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Insiders Advise on Getting Most for the Money in College

Enough with the frenzy of getting into college. Freshmen are arriving on campus burnt out and ready to coast, say some in academia. Why not bottle some of that energy that went into the application process and redirect it to excelling in college?

After all, it matters less what college you attend than how you perform once you get there. That's the message of Getting the Best Out of College (Ten Speed Press, 2012), written by Peter Feaver, Sue Wasiolek, and Anne Crossman.

As a professor of political science and public policy at Duke University, Feaver said in a phone interview today that he often encounters students who arrive with the attitude: "I worked like a dog to get here, now it's time to enjoy my life." The name on the diploma is not enough. Students need a pep talk to work hard, get engaged, and leverage the most out of their college experience, maintains Feaver. More students will finish a degree and be prepared for meaningful careers if they can learn to navigate campus, study smarter, getting help, and cultivate mentors.

Co-author Wasiolek is the assistant vice president for students affairs and dean of students at Duke and Anne Crossman studied at Duke and Stanford Universities.)

Take class selection.
"Students pick classes exactly backwards," says Feaver. They look for a class in a certain window to maximize their free time or gravitate toward ones they hear are easy. Students should choose the courses with the best professors and ones that will challenge them. Don't rush through general education requirements, advises Feaver. Instead, students should find a class that will inspire them.

And majors? It's not so important what students declare, as much as how passionate they are about the choice. "If you do something you are interested in, you work harder at it," says Feaver. The authors are big fans of a liberal arts education that teaches students how to organize knowledge, breakdown a problem, do research, and come up with a solution. Having a broad base of knowledge is especially valuable in today's new economy where the jobs that might be in demand five years from now are unknown, he adds.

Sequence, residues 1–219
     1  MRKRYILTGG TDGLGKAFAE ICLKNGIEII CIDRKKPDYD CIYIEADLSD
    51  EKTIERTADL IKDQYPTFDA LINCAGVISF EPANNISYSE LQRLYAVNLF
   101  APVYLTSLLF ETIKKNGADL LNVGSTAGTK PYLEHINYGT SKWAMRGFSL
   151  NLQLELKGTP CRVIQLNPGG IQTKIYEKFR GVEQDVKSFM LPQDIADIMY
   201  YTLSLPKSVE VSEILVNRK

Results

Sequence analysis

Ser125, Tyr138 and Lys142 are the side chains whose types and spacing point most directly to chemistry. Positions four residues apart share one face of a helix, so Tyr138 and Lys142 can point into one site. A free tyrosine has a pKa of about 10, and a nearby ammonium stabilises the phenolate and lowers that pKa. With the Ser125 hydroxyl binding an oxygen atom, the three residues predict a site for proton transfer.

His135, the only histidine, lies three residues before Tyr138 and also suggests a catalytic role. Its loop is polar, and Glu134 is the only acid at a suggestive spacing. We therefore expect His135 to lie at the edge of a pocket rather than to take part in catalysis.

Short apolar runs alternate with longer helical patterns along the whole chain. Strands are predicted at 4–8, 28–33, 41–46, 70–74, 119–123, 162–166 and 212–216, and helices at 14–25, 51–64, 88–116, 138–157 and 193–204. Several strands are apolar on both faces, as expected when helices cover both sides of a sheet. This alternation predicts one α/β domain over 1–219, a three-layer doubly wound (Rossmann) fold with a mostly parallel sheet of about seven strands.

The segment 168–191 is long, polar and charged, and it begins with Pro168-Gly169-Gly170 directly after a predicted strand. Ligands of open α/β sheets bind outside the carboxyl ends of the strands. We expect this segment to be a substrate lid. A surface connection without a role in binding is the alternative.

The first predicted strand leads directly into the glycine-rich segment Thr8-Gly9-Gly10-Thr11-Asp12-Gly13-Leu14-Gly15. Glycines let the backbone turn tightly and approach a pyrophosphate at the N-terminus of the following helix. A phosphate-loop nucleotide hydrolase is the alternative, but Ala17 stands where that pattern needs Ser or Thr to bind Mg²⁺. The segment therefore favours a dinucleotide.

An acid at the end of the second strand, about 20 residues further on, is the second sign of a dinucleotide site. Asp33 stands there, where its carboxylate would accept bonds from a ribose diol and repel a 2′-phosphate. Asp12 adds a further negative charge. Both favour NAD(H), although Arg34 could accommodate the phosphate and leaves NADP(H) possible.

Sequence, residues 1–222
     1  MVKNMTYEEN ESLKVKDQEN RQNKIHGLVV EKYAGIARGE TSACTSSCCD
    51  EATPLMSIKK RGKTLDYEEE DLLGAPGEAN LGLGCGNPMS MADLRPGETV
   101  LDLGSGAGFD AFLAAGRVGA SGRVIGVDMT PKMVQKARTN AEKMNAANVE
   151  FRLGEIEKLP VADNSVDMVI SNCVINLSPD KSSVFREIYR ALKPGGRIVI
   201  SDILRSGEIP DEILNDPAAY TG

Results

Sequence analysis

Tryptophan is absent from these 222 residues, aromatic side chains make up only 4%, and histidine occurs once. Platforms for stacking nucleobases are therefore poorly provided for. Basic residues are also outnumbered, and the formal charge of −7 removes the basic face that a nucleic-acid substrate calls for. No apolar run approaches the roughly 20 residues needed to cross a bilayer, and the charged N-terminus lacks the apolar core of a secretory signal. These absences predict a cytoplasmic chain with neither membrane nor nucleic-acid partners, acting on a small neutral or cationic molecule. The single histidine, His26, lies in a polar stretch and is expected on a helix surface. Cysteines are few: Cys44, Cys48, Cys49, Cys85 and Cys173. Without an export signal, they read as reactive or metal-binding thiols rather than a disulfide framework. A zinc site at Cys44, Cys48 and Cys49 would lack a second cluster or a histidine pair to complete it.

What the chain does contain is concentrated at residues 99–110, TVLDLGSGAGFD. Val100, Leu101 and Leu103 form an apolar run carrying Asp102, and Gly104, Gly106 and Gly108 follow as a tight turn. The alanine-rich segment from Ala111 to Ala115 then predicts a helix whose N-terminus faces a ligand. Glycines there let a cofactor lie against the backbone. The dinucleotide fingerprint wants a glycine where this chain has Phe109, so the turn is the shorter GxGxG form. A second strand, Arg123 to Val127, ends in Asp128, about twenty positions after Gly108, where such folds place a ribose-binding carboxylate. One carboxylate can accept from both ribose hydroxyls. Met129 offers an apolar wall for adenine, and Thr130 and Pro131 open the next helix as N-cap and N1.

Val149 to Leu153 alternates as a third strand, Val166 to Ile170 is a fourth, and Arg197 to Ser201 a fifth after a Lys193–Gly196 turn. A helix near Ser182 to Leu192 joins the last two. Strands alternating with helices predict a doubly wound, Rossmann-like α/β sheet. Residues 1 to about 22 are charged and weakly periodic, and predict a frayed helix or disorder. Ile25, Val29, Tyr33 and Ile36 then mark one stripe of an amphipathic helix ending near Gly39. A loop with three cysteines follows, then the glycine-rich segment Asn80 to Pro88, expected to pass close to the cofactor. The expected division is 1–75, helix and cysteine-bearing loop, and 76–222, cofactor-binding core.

Studying is a different ballgame in college. Many students don't realize that college grades are based on a smaller sample of testing moments. Students can be unprepared for a high school test and recover more easily, says Feaver. Mistakes in college suddenly become more consequential.

"A lot of students have made it successfully to 12th grade though the combined labors of them and their parents," says Feaver. Parents can serve as a backstop to protect students in high school, but that protection is gone at college. Before they leave home, Feaver encourages parents to better equip students to make their own decisions and to live with the consequences of those decisions. Colleges should also do a better job of advising students and providing supports, he says.

And teaching in college is different. Feaver has a whole chapter on what professors wish students knew. Students are well known by their high school teachers, but in college professors juggle classes, research, and other university responsibilities. It's up to the students to take the initiative to connect and build a rapport with their instructors. If a student blows off an advising session, they might not get another opportunity all semester. It can be an adjustment for students with no one to check up on them, says Feaver.

The book emphasizes that as hard as it is to select and pay for college, the unexpectedly hard part is getting your money's worth once you arrive on campus. Just as the policy focus is moving from access to completion, this information can be useful with retention and graduation efforts.


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